Host, Island Records: The Allstar Story, Showtime, 1987.
Marvin Gaye, 1987.
Christmas Special (also known as Pee-Wee Herman's Christmas Special), CBS, 1988.
Rich and Famous 1988 World's Best, 1988.
A Reggae Session, 1988.
"Superstar: The Life and Times of Andy Warhol," American Masters, PBS, 1992.
The Full Wax, Arts and Entertainment, 1992.
In Search of Dracula with Jonathan Ross, 1996.
In and Out of Fashion, 1998.
Andy Warhol: The E! True Hollywood Special, E! Entertainment Television, 1998.
Pavarotti & Friends 2002 for Angola (also known as Pavarotti & Friends 2002 for Angola, from the parco Novi Sad in Modena), 2002.
Ich will spab-die 80er-jahre-pop-und-schlagernacht mit perlen aus ost und west, 2004.
Performer of song "Slave to the Rhythm" in The Comic Strip Presents The Supergrass (also known as The Supergrass), Channel 4.
Television Appearances; Awards Presentations:
The 25th Annual Grammy Awards, 1983.
The 26th Annual Grammy Awards, CBS, 1984.
Presenter, American Video Awards, 1985.
The 1st Annual Soul Train Music Awards, syndicated, 1987.
The First International Rock Awards, ABC, 1989.
Presenter, The 2000 MTV Europe Music Awards, MTV, 2000.
Television Appearances; Episodic:
Bandstand (also known as AB, American Bandstand, American Bandstand 1966, American Bandstand 1965, and VH1's Best of American Bandstand), 1979.
Soul Train, 1979.
Top of the Pops (also known as All New Top of the Pops and TOTP), 1980.
The Tube, 1986.
Soul Train, 1987.
The Full Wax, 1991.
De mar a mar, 1991.
Bellezas al aqua, 1993.
"Studio 54," Behind the Music (also known as VH1's "Behind the Music"), 1998.
So Graham Norton, Channel 4, 1998.
Nokinja, "The Umpatra," BeastMaster, syndicated, 1999.
"I Love 1985," I Love 1980's, BBC2, 2001.
Nokinja, "The Trial," Beastmaster, 2002.
"Girls Night Out," VH-1 Where Are They Now?, VH1, 2002.
V Graham Norton, Channel 4, 2002, 2003.
Tout le monde en parle, 2004.
"Julian Clary's Showbiz Hissy Fits," Favouritism, 2005.
La Tele de tu vida, 2007.
Les Grands du rire, 2007.
Also appeared on Harty, BBC.
Grace Jones: A One Man Show, Island Pictures/Vestron Video, c. 1983.
Playboy Video Magazine, Vol. 8, Abril Video, 1985.
A State of Grace, 1986.
The Best of So Graham Norton, United Film & Television Productions, 2000.
Inside ‘A View to a Kill’, 2000.
Premiere Bond: Opening Nights, MGM, 2006.
Appeared in Grace Jones—State of Grace and the music video "I'm Not Perfect."
Solene Solux, Hell: A Cyberpunk Thriller, Take 2, 1995.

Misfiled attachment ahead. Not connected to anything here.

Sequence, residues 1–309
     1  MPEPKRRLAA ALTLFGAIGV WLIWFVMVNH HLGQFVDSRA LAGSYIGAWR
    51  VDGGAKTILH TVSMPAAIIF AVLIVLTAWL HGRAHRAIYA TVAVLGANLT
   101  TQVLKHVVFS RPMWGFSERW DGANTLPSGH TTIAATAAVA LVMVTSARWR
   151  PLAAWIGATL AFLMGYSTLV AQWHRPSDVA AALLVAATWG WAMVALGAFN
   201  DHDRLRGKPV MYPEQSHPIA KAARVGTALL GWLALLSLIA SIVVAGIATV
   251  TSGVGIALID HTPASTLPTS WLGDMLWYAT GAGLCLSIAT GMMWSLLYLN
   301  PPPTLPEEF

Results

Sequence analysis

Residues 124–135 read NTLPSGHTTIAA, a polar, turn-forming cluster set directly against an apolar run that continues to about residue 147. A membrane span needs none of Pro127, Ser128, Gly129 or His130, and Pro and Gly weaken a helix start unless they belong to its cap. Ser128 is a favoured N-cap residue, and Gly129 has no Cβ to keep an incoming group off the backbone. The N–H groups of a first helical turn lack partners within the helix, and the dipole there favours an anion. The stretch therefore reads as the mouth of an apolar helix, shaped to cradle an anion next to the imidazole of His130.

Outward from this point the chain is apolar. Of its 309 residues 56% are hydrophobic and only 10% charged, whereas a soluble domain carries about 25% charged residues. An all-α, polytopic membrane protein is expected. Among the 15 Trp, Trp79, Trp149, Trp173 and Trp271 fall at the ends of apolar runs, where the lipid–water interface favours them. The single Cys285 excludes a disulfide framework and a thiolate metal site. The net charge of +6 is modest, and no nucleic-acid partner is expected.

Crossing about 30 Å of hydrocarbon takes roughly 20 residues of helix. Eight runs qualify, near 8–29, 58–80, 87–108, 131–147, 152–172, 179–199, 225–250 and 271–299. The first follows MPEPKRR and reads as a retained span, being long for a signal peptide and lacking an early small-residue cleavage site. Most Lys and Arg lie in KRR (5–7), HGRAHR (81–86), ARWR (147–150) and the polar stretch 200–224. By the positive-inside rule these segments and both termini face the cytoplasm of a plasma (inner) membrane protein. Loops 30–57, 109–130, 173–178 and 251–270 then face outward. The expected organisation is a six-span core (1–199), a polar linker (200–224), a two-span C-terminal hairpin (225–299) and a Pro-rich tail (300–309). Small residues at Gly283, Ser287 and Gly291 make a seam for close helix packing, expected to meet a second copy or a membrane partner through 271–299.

Fame, Island, 1978.
Portfolio, Island, 1978.
Muse, Island, 1979.
Warm Leatherette, Island, 1980.
Nightclubbing, Island, 1981.
Living My Life, Island, 1982.
Island Life, Island, 1985.
Slave to the Rhythm, 1985.
Interview Picture Disc, 1987.
Bulletproof Heart, Capitol, 1989.
Inside Story, Manhattan, 1990.
Sex Drive, 1993.
Island Life 2, Universal International, 1996.
Grace Jones: Private Life—The Compass Point Sessions, 1998.
20th Century Masters-The Millenium Collection: The Best of Grace Jones, Chronicles, 2003.
Universal Masters Collection, Universal International, 2003.
Bulletproof Heart, EMI, 2004.
The Collection, Universal International, 2004.
Best 1200, Universal, 2005.
Grace Jones Story, Island, 2006.
Colour Collection, Universal, 2006.
Ultimate Collection, Universal, 2006.
Also recorded No Compromise, Capitol. Singles include "Private Life," 1980; "Slave to the Rhythm," 1985; "Do or Die"; "I'm Not Perfect"; "I Need a Man"; "La vie en rose"; "Love Is a Drug"; "Nipple to the Bottle"; "On Your Knees"; "Pull Up to the Bumper"; and "Sex Drive."
Title song, Vamp, New World Films, 1986.
Songs, Rooftops, New Visions, 1989.
Song "7 Day Weekend," Boomerang, Paramount, 1992.
Songs, She's So Lovely, Miramax, 1997.
Television Songs; Episodic:
Songs, A Reggae Session, 1988.
"Demolition Man," Beavis and Butt-Head, 1993.
"Pull Up to the Bumper," The Wire, HBO, 2002.
"Jones, Grace 1952(?)-." Contemporary Theatre, Film and Television. . Encyclopedia.com. (June 25, 2017). http://www.encyclopedia.com/education/news-wires-white-papers-and-books/jones-grace-1952
"Jones, Grace 1952(?)-." Contemporary Theatre, Film and Television. . Retrieved June 25, 2017 from Encyclopedia.com: http://www.encyclopedia.com/education/news-wires-white-papers-and-books/jones-grace-1952